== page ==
The promotion of Amber Rudd to Secretary of State for Energy and Climate Change has been welcomed by green business groups and campaigners.
David Cameron’s appointment of Rudd to the cabinet is seen as reaffirming the environmental credentials that many felt the prime minister had abandoned.
Greenpeace said it was hopeful about the appointment, while the Renewable Energy Association’s chief executive, Nina Skorupska, said: “Rudd has been a champion of renewables and the low-carbon economy in the past year and her appointment will do much to allay the fears some may have after the general election.”
Writing for Business Green just before the election, Amber Rudd said,
“One million homes have benefitted from energy efficiency measures since 2010 – that’s a million households that will now be permanently warmer for less. Half a million homes have installed solar PV….. Looking forward to the next Parliament, our Conservative Manifesto is clear: we will continue to support the UK Climate Change Act and cut emissions as cost-effectively as possible. We’ll do this through insulating a million more homes, supporting new nuclear power, offshore wind, marine energy and other renewables alongside natural gas and by continuing to drive smart-meter roll-out in every home.”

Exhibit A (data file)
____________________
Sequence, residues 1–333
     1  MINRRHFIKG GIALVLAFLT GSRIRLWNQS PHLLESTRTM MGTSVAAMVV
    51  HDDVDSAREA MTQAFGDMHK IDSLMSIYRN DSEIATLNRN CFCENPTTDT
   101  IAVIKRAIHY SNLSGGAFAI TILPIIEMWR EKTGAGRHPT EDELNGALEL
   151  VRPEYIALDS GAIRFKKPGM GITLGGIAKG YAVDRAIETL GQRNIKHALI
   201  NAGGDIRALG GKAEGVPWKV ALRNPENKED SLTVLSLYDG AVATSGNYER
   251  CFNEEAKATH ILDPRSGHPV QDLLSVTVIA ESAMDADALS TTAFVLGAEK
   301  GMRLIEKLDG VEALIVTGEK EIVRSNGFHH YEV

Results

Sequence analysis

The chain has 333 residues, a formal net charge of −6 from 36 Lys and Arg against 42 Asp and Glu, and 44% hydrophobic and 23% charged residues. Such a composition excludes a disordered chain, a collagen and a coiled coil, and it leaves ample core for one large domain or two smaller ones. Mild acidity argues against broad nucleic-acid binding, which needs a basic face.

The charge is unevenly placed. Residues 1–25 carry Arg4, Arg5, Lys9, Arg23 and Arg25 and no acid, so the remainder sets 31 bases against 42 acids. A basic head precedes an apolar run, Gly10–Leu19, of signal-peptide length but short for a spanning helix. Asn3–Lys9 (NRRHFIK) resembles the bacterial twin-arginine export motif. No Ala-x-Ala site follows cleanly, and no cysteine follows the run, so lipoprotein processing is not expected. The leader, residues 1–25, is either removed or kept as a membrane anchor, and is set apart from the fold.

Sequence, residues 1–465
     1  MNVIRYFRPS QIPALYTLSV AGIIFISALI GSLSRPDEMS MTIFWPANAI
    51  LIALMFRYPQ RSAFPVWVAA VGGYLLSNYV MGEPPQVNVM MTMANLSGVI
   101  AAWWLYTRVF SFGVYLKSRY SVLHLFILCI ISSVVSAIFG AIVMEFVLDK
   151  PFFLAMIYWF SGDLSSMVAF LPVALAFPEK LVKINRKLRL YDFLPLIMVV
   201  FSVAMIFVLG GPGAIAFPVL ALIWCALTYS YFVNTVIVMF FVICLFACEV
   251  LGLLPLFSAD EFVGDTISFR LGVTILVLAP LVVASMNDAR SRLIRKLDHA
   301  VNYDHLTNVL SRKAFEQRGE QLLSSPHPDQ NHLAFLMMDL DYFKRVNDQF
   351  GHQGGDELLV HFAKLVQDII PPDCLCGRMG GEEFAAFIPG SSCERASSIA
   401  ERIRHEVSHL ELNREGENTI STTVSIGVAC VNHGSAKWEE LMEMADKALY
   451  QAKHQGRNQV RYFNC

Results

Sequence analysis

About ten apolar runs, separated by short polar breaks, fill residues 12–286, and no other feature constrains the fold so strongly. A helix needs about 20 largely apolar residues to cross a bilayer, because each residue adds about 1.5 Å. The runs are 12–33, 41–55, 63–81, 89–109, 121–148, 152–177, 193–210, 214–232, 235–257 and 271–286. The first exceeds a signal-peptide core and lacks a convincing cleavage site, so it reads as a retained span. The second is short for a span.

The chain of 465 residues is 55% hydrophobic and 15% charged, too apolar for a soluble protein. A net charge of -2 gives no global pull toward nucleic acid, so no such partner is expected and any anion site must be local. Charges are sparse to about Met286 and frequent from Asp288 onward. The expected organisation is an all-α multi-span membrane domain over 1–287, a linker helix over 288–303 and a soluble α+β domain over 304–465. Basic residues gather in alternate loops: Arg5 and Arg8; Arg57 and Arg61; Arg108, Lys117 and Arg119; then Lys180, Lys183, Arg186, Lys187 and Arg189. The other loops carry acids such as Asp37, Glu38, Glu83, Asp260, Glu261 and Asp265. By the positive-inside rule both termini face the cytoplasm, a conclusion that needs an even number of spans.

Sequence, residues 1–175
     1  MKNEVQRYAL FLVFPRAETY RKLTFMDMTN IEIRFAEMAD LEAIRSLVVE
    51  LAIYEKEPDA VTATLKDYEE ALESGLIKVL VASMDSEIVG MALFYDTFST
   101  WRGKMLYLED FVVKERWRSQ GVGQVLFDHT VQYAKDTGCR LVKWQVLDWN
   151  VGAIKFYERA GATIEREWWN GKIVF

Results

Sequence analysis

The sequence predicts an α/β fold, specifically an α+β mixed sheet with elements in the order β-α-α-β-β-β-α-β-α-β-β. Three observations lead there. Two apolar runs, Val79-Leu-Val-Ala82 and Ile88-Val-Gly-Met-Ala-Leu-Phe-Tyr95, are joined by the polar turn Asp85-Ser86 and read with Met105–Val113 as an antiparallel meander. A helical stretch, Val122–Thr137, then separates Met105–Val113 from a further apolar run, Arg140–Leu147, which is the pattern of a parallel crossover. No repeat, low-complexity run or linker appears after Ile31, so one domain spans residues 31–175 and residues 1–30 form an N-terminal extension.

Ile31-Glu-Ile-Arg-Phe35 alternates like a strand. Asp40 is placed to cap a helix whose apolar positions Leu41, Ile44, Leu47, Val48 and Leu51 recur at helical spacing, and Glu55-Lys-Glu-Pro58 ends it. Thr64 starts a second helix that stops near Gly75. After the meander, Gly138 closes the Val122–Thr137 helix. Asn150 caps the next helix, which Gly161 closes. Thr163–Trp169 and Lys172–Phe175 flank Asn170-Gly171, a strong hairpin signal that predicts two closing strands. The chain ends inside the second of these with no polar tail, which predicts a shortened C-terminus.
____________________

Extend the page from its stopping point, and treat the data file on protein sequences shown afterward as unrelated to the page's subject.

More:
Amber Rudd is expected to follow the same pro-renewable agenda that was championed by Ed Davey, and her appointment signals continuity on energy policy. Having been climate change minister for most of the last year she will be able to hit the ground running.
The UK still has some of the most poorly insulated homes in Europe. Insulation is a good value energy solution that benefits the fuel poor particularly, and so energy experts will be pressing Ms Rudd to ensure the Treasury prioritises insulation in their spending programme.